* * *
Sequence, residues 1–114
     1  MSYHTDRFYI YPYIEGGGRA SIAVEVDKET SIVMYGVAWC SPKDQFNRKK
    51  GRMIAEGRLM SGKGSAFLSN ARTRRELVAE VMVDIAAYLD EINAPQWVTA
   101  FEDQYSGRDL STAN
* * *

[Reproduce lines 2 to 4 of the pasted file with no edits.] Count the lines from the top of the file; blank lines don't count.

     1  MSYHTDRFYI YPYIEGGGRA SIAVEVDKET SIVMYGVAWC SPKDQFNRKK
    51  GRMIAEGRLM SGKGSAFLSN ARTRRELVAE VMVDIAAYLD EINAPQWVTA
   101  FEDQYSGRDL STAN